You hear it all the time...the poor middle child. I am a middle child. My sweet Abby is my middle child. Tonight, Abby made her first communion. We are so blessed to be part of a school and church community that celebrates this sacrament in such a special way. The mass was beautiful, attended by as many as the church could hold, including every priest who is a part of the parish, and several who are not, our school administration team, and tons of friends and family. Personally, five of our 7 guests traveled to be able to attend this event just for Abby.
I styled her hair as requested, like Taylor Swift, with fresh sprigs of Misty adorning her loose side-swept bun. She wore a simple white dress with a thick, white satin sash. I think she was the most beautiful one there, but, you know...I'm biased. Abby was so thrilled to receive her first communion today because this wonderful team of 2nd grade teachers did such a great job of preparing them and teaching them about its relevance in their lives as Christians. She was the belle of the ball tonight and she took in every moment of it.
This fact made me realize she needs more. A middle child is a tough spot to fill. You are not the oldest, so you can't do all of the things you're older sibling can. You are not the youngest, so you have to help or do things for the younger one. No one has to do anything for you. You're fine. In the case of my family, my oldest and youngest kids have formed an unbelievable bond which often causes Abby to feel left out. As she looked up at me tonight in church with this big, wide smile, I realized that she was being phased by this attention so much more than her brother or sister would have been.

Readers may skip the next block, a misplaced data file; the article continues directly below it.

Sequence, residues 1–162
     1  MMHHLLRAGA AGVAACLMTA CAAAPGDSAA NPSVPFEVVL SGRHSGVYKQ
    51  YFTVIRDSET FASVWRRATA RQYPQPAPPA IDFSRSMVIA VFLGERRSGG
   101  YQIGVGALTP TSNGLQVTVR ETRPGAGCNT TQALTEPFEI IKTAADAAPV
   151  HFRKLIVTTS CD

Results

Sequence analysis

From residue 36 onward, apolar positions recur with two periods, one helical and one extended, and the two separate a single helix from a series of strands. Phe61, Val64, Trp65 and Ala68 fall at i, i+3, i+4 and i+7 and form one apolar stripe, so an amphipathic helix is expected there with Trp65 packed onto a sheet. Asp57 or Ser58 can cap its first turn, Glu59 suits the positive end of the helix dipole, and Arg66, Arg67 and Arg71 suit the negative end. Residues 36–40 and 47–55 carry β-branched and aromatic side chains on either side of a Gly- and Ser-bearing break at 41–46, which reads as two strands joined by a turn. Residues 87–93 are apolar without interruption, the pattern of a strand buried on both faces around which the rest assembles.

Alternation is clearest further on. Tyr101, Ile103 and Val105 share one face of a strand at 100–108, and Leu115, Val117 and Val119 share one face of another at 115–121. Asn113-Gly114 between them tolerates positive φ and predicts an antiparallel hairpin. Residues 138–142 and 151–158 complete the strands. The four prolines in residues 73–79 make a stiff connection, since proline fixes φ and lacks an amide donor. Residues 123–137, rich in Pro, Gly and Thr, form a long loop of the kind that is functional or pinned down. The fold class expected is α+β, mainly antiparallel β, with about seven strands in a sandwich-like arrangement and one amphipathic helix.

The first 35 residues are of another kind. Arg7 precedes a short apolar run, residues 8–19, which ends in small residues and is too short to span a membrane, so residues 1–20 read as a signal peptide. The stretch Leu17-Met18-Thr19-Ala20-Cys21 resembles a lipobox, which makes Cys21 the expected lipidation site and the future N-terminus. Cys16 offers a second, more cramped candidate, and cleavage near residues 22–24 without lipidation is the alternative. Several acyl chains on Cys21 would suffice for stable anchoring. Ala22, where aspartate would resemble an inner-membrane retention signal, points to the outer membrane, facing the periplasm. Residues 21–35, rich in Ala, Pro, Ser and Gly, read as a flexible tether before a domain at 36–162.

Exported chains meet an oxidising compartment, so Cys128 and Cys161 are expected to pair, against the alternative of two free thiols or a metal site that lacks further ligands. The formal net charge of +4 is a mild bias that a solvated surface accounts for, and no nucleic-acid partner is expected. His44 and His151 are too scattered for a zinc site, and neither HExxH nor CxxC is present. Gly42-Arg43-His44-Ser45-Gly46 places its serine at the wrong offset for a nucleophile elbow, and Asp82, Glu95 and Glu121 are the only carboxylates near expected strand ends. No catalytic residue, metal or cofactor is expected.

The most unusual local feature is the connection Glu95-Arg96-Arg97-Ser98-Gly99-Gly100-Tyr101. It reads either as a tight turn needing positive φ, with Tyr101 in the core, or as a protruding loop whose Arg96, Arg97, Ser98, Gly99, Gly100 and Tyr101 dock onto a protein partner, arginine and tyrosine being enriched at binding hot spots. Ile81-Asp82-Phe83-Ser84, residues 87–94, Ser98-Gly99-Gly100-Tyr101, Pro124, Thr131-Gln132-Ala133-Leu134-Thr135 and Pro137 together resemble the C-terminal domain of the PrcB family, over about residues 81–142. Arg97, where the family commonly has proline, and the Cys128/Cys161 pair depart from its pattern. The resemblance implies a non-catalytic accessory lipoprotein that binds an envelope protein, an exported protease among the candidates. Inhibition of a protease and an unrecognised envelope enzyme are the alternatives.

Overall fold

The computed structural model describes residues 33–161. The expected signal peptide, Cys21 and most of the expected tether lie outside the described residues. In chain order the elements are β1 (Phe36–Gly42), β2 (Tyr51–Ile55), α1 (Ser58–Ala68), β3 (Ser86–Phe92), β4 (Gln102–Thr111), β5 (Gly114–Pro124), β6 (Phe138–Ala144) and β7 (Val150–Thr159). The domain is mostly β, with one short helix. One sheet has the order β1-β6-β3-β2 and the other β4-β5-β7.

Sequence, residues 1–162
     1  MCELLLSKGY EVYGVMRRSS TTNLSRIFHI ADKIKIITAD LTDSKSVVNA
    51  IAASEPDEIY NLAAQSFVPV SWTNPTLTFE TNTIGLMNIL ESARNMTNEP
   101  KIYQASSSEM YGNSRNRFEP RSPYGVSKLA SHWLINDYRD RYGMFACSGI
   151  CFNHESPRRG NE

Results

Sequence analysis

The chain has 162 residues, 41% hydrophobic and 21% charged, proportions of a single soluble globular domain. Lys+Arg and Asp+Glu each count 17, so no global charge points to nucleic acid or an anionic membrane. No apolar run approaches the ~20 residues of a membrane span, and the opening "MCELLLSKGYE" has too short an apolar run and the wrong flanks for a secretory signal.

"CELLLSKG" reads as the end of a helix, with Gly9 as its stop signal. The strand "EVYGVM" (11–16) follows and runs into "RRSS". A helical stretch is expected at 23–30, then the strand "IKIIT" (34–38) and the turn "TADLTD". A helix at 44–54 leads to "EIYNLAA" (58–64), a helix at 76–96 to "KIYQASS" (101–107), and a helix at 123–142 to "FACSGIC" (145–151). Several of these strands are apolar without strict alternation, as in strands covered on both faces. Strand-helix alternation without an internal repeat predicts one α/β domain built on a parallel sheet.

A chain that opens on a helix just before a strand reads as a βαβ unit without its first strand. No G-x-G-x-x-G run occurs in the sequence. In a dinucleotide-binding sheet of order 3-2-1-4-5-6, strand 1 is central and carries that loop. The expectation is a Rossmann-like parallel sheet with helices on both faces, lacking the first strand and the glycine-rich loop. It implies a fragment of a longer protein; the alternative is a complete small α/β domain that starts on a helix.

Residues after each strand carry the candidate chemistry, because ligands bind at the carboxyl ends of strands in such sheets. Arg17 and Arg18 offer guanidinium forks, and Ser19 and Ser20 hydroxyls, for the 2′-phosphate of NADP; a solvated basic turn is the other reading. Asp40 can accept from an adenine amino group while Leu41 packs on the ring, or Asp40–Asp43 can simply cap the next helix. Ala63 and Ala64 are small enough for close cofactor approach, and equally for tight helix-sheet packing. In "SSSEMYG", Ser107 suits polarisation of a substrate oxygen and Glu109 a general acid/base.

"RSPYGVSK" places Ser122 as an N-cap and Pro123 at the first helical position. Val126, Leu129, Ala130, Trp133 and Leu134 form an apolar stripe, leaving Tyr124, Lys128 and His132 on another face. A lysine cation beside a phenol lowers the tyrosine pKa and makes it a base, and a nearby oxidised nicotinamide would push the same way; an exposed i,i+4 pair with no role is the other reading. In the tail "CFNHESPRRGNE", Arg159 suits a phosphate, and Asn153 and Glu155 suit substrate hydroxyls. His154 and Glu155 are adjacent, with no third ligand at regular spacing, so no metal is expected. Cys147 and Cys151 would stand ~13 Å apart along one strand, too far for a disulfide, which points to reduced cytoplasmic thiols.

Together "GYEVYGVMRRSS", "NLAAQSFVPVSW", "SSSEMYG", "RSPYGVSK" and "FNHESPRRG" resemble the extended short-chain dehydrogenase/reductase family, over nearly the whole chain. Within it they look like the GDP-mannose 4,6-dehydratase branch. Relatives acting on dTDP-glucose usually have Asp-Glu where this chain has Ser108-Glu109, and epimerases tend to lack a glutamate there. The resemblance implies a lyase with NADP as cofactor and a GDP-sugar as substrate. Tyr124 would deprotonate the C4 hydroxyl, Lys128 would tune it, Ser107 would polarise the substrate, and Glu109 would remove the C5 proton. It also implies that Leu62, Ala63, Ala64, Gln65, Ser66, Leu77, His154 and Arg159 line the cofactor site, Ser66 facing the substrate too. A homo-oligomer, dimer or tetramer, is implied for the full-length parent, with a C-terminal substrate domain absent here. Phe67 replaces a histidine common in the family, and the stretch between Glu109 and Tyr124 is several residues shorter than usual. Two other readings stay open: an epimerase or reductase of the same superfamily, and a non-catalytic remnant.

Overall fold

I get it. I'll try harder. Each night, one kid will stay up with me 20 minutes past bedtime. We will talk, or read, or watch TV, or pray, or cuddle. They all need to feel the love that I divide equally among them. They do not always get that message in our daily lives. I will make it a point to take a kid to the store with me when they want to go (one at a time, let's not get crazy). I'll devote at least 1/2 an hour after work each day to what they need...not the laundry, or sweeping the floors, or cooking dinner. I'll continue to hug and kiss them as I already do, but I'll do it more. Zac may not like this, but the girls will love it. I'll try harder.
Lesson: Pay attention to what makes a child smile :)